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John Passant

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December 2015



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My interview Razor Sharp 18 February
Me interviewed by Sharon Firebrace on Razor Sharp on Tuesday 18 February. (0)

My interview Razor Sharp 11 February 2014
Me interviewed by Sharon Firebrace on Razor Sharp this morning. The Royal Commission, car industry and age of entitlement get a lot of the coverage. (0)

Razor Sharp 4 February 2014
Me on 4 February 2014 on Razor Sharp with Sharon Firebrace. (0)

Time for a House Un-Australian Activities Committee?
Tony Abbott thinks the Australian Broadcasting Corporation is Un-Australian. I am looking forward to his government setting up the House Un-Australian Activities Committee. (1)

Make Gina Rinehart work for her dole

Sick kids and paying upfront


Save Medicare

Demonstrate in defence of Medicare at Sydney Town Hall 1 pm Saturday 4 January (0)

Me on Razor Sharp this morning
Me interviewed by Sharon Firebrace this morning for Razor Sharp. It happens every Tuesday. (0)

I am not surprised
I think we are being unfair to this Abbott ‘no surprises’ Government. I am not surprised. (0)

Send Barnaby to Indonesia
It is a pity that Barnaby Joyce, a man of tact, diplomacy, nuance and subtlety, isn’t going to Indonesia to fix things up. I know I am disappointed that Barnaby is missing out on this great opportunity, and I am sure the Indonesians feel the same way. [Sarcasm alert.] (0)



Pensioners in poverty – Australia is the second worst in the OECD for paying its pensioners


More than one third of Australian pensioners live in relative poverty. The OECD average is 12 percent of pensioners. Of OECD countries only South Korea is worse. Let that sink in. Slovakia, Greece, Poland, Estonia, Slovenia and Turkey, for example, all treat their pensioners much better than the Australian government does. Instead of Australian Productivity Commission suggestions that pensioners reverse mortgage their homes or downsize, maybe we should tax the rich and abolish their superannuation and other tax concessions to pay for an increase in pensions in Australia to takeĀ all pensioners out of poverty. To read the whole OECD report click here. Pensions at a glance 2015.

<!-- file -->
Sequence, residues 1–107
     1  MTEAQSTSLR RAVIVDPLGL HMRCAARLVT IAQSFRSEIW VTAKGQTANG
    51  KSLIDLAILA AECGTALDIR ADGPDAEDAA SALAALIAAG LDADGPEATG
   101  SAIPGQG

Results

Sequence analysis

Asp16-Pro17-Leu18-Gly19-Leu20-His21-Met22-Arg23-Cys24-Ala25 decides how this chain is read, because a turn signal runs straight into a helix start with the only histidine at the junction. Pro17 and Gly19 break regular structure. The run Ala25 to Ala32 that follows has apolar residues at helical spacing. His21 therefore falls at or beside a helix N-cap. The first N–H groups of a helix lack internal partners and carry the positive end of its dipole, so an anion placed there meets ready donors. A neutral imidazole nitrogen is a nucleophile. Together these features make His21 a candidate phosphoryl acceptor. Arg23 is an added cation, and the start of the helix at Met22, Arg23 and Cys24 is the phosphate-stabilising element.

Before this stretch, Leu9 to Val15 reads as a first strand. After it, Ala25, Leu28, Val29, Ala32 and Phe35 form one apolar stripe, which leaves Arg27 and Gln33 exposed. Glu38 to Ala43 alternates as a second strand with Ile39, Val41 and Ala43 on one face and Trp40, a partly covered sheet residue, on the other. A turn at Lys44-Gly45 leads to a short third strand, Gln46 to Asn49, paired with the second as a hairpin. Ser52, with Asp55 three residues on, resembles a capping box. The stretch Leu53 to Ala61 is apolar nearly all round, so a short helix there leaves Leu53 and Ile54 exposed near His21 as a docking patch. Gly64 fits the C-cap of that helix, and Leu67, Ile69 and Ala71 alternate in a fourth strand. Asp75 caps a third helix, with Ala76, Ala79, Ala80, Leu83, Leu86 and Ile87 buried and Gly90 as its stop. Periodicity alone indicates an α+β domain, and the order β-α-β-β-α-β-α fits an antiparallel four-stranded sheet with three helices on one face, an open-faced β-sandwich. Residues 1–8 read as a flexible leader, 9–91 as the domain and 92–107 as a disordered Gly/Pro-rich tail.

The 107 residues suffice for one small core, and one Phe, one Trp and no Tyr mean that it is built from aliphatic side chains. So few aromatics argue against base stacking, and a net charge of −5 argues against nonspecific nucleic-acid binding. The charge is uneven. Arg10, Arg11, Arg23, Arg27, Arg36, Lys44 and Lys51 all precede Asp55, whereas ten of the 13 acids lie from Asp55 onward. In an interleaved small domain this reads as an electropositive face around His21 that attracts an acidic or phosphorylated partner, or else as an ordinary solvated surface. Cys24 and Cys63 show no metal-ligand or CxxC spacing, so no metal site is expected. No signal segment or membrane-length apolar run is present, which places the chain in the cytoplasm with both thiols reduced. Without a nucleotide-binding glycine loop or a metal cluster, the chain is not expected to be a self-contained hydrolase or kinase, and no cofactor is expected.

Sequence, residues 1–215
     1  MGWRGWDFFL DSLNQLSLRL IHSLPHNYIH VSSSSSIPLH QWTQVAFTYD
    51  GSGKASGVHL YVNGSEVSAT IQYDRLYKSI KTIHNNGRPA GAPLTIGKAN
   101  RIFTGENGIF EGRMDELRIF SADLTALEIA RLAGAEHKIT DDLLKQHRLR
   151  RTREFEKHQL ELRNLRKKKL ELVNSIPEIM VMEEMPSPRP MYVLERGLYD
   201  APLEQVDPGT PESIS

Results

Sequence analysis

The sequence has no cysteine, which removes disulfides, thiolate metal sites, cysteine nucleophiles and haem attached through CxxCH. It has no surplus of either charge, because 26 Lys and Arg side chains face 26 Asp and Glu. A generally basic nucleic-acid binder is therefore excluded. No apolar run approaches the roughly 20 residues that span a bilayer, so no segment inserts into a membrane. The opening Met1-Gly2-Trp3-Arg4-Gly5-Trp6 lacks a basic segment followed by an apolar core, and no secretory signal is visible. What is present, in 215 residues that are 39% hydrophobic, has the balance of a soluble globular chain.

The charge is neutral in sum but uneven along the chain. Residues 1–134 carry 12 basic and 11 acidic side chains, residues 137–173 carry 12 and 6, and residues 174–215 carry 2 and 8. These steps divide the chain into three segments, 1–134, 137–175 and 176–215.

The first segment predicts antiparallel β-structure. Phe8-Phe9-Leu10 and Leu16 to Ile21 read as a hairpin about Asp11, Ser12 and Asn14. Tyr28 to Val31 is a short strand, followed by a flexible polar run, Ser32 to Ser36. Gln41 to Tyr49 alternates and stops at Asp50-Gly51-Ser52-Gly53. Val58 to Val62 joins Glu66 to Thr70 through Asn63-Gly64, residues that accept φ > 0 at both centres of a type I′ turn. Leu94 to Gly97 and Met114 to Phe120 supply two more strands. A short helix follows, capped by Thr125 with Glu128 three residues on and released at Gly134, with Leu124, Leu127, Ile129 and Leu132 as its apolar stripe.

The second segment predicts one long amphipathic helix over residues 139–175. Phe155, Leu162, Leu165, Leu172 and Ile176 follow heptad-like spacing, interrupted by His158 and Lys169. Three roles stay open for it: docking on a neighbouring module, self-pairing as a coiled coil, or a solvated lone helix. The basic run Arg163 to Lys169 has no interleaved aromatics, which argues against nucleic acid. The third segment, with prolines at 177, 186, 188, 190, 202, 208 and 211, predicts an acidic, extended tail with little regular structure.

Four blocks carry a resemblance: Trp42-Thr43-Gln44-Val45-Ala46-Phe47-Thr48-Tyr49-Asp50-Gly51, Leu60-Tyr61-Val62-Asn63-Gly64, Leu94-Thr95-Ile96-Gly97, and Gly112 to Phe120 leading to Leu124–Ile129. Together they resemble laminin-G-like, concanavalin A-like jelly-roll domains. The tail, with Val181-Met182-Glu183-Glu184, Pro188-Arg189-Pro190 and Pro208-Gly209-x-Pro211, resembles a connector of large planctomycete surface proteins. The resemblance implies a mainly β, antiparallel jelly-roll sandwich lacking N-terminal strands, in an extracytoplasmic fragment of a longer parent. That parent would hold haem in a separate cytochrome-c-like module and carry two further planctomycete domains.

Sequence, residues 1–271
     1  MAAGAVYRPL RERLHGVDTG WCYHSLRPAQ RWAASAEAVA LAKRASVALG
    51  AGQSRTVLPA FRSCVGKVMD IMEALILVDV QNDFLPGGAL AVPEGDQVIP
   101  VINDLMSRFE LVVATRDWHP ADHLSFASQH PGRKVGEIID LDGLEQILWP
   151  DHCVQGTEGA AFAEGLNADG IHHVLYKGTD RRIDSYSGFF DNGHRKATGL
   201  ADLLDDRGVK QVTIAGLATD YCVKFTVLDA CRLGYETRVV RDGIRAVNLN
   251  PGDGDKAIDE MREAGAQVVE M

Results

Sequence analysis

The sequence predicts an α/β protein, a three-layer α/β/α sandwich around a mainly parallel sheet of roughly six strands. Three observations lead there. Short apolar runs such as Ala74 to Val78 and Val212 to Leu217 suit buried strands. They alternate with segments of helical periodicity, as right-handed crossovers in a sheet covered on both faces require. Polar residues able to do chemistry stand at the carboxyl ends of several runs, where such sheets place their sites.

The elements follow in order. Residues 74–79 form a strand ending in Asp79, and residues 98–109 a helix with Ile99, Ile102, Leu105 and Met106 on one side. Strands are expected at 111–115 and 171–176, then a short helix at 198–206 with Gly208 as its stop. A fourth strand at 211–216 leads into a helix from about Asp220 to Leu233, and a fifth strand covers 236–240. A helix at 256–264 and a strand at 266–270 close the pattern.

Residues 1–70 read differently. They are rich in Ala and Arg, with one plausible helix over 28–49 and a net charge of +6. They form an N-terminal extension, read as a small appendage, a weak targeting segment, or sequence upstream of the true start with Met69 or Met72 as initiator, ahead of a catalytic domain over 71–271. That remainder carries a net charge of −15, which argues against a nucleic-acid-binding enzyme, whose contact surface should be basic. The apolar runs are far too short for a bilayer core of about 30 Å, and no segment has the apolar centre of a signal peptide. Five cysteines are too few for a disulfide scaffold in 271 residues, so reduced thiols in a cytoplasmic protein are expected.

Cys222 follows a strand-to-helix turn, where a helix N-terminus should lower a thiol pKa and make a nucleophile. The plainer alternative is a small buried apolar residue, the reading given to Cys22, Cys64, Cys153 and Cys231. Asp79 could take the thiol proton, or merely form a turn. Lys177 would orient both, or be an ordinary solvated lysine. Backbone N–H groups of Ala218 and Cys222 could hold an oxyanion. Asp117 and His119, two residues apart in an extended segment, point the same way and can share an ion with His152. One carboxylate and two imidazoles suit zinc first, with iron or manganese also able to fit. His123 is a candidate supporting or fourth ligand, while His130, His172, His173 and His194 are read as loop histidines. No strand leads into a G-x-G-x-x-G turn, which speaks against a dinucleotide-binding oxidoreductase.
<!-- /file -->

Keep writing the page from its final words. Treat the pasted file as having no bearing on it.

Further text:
Note: These are relative figure based on the level of the pension compared to average wages. Imagine if Australian pensioners were paid a pension or were receiving superannuation payments the same as their counterparts in other countries. If retirement incomes were for example the OECD average that would be 87% of the average wage, i.e. around $70,000. The pension in Australia for a single person is $788.40 per fortnight, plus a maximum supplement depending on circumstances of $64.50 per fortnight and energy payment of $14.10 per fortnight and rental assistance if the circumstances are appropriate. $788.40 per fortnight is almost $20,500 a year. The average wage in Australia is a bit over $77000 before overtime is thrown in, which takes it to just over $80,000.

The poverty line in Australia is the internationally accepted 50% of median income. According to ACOSS for the year 2012 ‘for a single adult was $400 per week. For a couple with 2 children it was $841 per week.’ They say 15% of pensioners (around 300,000 pensioners) are below the poverty line.


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Comment from Chrissy
Time December 4, 2015 at 12:01 pm

The Australian government should be ashamed of themselves! It discusts me that our seniors have to live like this!

Comment from Lorikeet
Time December 5, 2015 at 9:46 am

You made some excellent points here, John.

I have read a large part of the Productivity Commission Report and it seems clear they are working for capitalists and, to some degree, for the younger generations.